The World of Work by Harry Sherrard
What should you do if you discover your employee has covertly recorded a disciplinary or grievance meeting?
Imagine you have dismissed an employee and you later discover that they have covertly recorded the internal disciplinary meetings. This is what happened in the Employment Appeal Tribunal (EAT) case of Phoenix House Limited v Stockman.
During the Employment Tribunal (ET), the Claimant, Mrs Stockman disclosed that she had recorded the meetings without informing the Respondent, Phoenix House, a charity.
Phoenix House argued that the compensation awarded to the Claimant for unfair dismissal should be reduced on the basis that, had they been aware of the covert recording at the time, she would have been dismissed for gross misconduct for making the recording.
The interest in this decision lies not in the outcome as such but rather in what the EAT had to say about the covert recording.
The tribunal decided that she had been unfairly dismissed and the award was reduced by 10% to reflect the fact there was a ‘low percentage chance’ that she would have been dismissed fairly anyway because she had secretly recorded the meeting disciplinary meeting.
The EAT refused to interfere with the 10% reduction on the following basis:
“The purposes of the recording will be relevant; and in our experience the purpose may vary widely from the highly manipulative employee seeking to entrap the employer to the confused and vulnerable employee seeing to keep a record or guard against misrepresentation.”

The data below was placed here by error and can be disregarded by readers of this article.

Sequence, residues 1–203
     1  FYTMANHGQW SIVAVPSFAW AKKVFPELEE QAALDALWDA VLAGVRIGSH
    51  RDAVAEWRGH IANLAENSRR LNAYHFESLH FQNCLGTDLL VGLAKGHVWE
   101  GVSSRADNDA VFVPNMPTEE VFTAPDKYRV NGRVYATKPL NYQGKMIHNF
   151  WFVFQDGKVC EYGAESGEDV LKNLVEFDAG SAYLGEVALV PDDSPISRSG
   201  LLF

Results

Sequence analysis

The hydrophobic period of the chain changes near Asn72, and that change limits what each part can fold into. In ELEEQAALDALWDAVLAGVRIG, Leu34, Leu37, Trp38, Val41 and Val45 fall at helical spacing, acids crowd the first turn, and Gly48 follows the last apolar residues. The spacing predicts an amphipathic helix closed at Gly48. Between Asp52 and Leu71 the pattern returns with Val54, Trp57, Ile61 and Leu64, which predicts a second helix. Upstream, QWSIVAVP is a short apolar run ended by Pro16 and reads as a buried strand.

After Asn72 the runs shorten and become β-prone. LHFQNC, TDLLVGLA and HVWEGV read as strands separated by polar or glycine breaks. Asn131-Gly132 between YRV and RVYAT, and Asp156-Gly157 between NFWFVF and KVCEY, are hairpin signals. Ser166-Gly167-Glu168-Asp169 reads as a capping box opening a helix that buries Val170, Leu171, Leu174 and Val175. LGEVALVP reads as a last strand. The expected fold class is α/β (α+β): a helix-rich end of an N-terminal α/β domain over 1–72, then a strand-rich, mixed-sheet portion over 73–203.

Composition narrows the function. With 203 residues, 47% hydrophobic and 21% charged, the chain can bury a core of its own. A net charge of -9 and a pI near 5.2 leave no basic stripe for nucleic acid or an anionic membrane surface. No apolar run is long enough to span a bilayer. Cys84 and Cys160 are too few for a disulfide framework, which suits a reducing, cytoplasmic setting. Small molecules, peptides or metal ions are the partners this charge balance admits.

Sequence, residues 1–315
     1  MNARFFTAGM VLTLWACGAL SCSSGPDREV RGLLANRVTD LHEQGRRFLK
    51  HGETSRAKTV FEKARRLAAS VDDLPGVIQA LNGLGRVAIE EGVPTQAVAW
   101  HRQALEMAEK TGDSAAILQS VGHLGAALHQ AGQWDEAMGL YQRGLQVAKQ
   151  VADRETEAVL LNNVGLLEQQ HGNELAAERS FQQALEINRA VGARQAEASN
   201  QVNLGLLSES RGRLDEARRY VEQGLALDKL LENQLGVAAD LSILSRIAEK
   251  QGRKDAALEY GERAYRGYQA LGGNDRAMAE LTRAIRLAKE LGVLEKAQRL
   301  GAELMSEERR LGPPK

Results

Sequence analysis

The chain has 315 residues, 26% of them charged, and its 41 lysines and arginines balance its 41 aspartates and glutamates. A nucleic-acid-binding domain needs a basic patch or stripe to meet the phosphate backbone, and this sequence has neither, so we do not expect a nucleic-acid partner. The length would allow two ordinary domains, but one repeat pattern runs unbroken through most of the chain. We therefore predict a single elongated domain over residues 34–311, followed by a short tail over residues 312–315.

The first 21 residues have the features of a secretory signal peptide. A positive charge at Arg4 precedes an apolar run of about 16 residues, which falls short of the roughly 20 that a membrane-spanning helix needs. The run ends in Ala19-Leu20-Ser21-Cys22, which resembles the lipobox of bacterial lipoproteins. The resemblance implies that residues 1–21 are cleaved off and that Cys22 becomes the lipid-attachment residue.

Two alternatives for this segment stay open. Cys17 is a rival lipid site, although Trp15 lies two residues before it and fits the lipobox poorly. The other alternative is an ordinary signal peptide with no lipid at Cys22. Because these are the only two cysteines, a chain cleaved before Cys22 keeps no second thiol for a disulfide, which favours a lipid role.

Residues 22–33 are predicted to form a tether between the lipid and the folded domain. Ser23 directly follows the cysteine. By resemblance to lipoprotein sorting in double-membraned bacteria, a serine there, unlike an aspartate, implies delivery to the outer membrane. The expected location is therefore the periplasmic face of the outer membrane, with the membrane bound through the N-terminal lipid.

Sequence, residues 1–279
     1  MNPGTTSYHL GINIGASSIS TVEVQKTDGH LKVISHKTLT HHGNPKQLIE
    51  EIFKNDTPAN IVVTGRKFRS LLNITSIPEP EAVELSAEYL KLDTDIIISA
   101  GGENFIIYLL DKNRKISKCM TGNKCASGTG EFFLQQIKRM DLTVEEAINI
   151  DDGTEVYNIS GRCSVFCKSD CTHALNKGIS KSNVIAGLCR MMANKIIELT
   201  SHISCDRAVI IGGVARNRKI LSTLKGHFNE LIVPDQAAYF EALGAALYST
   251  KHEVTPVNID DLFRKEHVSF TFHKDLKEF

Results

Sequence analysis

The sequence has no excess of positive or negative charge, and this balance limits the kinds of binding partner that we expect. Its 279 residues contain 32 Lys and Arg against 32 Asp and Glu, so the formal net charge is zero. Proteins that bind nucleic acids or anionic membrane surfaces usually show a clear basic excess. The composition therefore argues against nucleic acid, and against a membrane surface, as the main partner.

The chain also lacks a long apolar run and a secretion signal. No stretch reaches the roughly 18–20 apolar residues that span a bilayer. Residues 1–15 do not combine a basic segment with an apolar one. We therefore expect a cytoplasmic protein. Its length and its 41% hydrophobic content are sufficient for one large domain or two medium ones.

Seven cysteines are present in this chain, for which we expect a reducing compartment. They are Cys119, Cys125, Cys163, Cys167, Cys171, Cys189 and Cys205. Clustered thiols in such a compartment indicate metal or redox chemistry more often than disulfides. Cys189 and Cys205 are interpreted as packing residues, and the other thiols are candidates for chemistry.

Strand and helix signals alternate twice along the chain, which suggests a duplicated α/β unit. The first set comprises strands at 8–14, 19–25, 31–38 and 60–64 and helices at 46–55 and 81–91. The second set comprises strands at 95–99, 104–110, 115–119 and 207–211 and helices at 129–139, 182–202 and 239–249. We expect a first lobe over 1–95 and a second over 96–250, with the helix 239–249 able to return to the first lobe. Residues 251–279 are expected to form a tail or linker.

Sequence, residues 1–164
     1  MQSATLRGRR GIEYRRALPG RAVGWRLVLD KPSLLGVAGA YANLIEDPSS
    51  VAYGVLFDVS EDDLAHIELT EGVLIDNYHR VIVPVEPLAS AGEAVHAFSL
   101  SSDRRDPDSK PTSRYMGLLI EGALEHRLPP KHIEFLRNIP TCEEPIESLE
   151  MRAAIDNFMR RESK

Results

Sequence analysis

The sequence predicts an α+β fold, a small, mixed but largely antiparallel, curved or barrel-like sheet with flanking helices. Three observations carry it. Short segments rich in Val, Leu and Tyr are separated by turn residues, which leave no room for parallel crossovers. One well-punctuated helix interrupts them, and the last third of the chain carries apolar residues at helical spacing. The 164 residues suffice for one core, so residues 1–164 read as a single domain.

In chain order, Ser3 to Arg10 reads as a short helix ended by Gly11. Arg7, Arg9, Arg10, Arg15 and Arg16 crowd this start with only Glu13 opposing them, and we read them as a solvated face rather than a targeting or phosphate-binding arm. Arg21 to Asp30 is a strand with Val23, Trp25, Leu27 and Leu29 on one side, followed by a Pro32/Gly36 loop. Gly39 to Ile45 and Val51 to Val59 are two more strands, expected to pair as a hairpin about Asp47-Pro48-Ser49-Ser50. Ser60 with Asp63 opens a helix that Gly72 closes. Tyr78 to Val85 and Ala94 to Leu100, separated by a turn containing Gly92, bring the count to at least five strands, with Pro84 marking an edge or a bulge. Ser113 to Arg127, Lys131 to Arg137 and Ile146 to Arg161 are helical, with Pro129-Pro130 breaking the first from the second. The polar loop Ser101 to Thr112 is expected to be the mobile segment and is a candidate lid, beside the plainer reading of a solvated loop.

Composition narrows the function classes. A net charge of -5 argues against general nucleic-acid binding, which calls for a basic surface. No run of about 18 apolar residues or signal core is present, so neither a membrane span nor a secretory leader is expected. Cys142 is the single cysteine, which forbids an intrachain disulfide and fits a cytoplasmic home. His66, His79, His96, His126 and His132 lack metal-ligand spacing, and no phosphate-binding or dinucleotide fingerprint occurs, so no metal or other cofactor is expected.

The EAT also stated that they “considered it good employment practice for an employee or an employer to say if there is any intention to record a meeting, save in the most pressing of circumstances – and it will generally amount to misconduct not to do so”.
The 2018 decision in Fleming v East of England Ambulance Service NHS Trust also dealt with employees making covert recordings at meetings with their employers. This case decided that the fact that a recording is covert does not mean that the ET will automatically refuse to allow it to be relied upon.
Tips for Employers
· Add ‘Making covert recordings’ to your list of behaviours likely to amount to gross misconduct in your disciplinary policy, to make it clear that hearings should not be recorded without consent and that anyone who secretly records a meeting is likely to amount to serious misconduct and may be dismissed without notice.
· Remind employees at the outset of every investigation, disciplinary or grievance meeting that recordings are not permitted.
· Be mindful of any behaviour which suggests that an employee may be recording the meeting – i.e. a phone on the table.
If there are breaks during the meeting, it is sensible either to ask the employee to wait outside and remove all of their belongings from the room before any deliberation or to ensure that any discussions about the employee are carried out in a separate room.
If an employee disobeys your clear instructions and proceeds to record the meeting, you will be in a stronger position to undermine their credibility and reduce any award made by a tribunal.
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